Thursday, 15 September 2011

I'm driving in my car, I turn on the radio I'm pulling you close, you just say no You say you don't like it, but girl I know you're a liar 'Cause when we kiss Hmmm, fire

70's Pick of the Week

“Fire” by the Pointer Sisters (1979)

The idea of sister or brother groups is not new. The advantage of this arrangement can be stability. Have you ever heard the expression “You can choose your friends but you can’t choose family”? Well in some cases it works and others not so much. In the case of the Pointer sisters it gave them depth and versatility that saw them endure and reach great success.

Their parents, Reverend Elton and Sarah Pointer encouraged them as girls to listen and participate in gospel music. They told the girls that rock and roll and the blues was “the devils music”. This was not uncommon really. Secretly they sang songs when they were away from their parents until one day the youngest, June, brought home a copy of Elvis’ “All Shook Up”. Her mother had discovered the ‘B’ side of the album with “Crying in the Chapel” so let her pay it.

In 1969 June and Bonnie Pointer from Oakland, California started performing in clubs. They toured and provided backing vocals for artists such as Grace Slick, Boz Scaggs and Elvin Bishop. Over the next few years sisters Anita and then Ruth joined them. In 1972 they switched from Atlantic to Blue Thumb Records (former A&M execs).  Their self-titled first album had critical reviews but did not do much commercially. It had a flavour of jazz and be-bop and included a single called “Yes We Can” that went to number 11.

In 1974 they released “That’s a Plenty” which caught the imagination of the country music fans with the song “Fairytale” going to number 13 on the pop chart, 37 on the country chart. This song was written by Anita and Bonnie. They were then asked to sing at the Grand Ole Oprey in Nashville becoming the first female black artists to perform there. “Fairytale” would later be covered by Elvis himself and the circle would be complete.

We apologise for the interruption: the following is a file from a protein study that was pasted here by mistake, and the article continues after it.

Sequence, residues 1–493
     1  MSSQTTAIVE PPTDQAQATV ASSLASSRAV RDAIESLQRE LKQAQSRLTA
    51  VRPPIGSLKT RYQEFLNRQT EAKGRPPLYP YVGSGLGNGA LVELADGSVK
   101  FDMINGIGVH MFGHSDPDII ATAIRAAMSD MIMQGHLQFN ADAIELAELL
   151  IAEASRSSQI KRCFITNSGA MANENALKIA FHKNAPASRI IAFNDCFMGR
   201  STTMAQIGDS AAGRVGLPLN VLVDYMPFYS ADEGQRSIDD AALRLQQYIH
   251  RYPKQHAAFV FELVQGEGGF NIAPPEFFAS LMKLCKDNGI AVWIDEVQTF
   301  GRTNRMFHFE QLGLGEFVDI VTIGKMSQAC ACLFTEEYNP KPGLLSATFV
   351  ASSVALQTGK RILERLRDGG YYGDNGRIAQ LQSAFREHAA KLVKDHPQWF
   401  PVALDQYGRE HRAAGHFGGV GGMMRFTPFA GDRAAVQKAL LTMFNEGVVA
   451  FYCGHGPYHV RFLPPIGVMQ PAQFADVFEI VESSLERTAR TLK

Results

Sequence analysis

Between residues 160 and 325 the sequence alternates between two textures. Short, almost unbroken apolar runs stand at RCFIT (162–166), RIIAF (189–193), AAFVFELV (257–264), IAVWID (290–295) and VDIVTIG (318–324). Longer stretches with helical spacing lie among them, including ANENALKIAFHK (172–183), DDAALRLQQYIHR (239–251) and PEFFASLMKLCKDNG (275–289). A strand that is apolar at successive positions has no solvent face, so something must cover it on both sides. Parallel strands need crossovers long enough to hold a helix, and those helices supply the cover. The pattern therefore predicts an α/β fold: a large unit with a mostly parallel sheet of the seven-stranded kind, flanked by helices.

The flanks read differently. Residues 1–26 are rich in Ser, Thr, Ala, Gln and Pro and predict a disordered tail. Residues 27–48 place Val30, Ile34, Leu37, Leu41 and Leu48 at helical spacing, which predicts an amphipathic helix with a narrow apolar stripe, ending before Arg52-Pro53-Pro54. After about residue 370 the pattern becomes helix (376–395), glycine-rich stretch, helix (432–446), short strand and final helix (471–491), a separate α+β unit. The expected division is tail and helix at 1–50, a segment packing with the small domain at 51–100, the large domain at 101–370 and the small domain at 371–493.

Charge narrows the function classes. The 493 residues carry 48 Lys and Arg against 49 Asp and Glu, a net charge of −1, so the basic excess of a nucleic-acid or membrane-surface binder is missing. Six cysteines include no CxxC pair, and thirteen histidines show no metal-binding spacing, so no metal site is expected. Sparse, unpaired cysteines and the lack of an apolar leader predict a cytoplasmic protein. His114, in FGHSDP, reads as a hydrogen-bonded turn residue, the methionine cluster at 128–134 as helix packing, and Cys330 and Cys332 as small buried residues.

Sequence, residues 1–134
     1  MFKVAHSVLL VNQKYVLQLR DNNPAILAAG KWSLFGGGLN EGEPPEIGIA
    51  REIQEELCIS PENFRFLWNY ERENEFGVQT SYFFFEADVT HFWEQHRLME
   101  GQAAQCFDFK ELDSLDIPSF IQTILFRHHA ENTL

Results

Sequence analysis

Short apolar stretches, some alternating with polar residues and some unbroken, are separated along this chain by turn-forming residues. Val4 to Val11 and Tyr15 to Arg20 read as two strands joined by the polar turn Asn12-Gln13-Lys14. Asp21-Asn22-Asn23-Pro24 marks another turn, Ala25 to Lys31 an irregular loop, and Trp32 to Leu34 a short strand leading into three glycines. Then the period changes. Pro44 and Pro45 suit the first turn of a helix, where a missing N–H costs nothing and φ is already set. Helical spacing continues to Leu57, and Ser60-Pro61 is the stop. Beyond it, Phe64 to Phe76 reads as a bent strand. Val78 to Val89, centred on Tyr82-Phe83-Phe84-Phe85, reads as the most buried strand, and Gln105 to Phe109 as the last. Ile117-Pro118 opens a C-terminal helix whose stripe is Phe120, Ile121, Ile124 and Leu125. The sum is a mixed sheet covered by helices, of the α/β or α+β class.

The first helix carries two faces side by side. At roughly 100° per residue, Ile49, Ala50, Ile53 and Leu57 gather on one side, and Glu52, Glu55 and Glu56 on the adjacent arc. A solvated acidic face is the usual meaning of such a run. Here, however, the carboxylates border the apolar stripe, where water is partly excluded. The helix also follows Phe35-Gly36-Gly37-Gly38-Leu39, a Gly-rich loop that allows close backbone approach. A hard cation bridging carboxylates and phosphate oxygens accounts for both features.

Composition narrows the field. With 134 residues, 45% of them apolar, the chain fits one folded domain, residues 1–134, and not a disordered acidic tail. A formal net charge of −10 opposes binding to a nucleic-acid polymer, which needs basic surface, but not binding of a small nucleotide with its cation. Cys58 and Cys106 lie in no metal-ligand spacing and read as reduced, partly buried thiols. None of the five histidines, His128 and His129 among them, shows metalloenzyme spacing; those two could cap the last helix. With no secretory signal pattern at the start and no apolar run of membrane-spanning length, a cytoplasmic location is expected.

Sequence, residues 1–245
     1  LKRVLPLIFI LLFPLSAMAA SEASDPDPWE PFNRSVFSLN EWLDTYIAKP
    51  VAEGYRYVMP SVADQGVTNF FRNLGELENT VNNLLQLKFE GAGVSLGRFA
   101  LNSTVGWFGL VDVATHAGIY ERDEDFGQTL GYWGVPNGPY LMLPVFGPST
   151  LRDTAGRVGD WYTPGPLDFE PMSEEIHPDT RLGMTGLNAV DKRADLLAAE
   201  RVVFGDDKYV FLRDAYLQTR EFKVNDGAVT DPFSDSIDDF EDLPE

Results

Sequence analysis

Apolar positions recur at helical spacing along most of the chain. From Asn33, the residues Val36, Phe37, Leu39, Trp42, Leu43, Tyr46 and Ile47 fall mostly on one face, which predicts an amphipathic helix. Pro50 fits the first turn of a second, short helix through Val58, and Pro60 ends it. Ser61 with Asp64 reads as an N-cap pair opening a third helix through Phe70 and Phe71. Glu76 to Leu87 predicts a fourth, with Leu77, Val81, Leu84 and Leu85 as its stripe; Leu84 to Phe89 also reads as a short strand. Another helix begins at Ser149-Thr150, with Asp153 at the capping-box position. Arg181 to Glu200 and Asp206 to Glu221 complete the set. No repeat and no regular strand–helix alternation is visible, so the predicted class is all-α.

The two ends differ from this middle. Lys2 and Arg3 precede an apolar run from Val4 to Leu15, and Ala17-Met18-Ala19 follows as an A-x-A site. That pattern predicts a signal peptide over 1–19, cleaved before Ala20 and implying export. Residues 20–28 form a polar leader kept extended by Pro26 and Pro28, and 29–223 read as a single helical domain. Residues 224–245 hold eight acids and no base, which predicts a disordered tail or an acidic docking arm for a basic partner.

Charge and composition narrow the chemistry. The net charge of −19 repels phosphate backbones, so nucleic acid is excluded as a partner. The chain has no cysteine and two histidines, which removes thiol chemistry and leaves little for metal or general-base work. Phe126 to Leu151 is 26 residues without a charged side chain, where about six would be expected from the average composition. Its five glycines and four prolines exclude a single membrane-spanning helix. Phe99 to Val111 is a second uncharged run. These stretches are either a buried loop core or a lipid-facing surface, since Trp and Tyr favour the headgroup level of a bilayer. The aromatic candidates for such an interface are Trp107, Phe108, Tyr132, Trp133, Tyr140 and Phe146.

Originally the group was doing kind of 40’s nostalgia thing and they dropped this in ’77 when June and Bonnie left the group. The new group that would become Anita and Ruth eventually convinced June to return. Now on Planet Records, which was distributed by Electra, they had a string of hits starting with Bruce Springsteen’s “Fire” which went to number 2.

The flood gates opened and the songs “Slow Hand”, “He’s So Shy” and “I’m So Excited” all went to the top of the chart. In 1983 they followed by with “Break Out” which contained the dance hits “Jump (For My Love)” (certainly not to be confused with Van Halen’s “Jump”), “Neutron Dance”, and “Automatic”.

As their success waned and June became a grandmother in 1985 the group broke up. Various projects, both solo and individual never did quite as well. There was still a number of reunions including the inclusion of Ruth’s daughter and their closing of the 1996 Olympic Summer Games.  The sisters were inducted into the Vocal Group Hall of Fame in 2005.  June passed away in April 2006.

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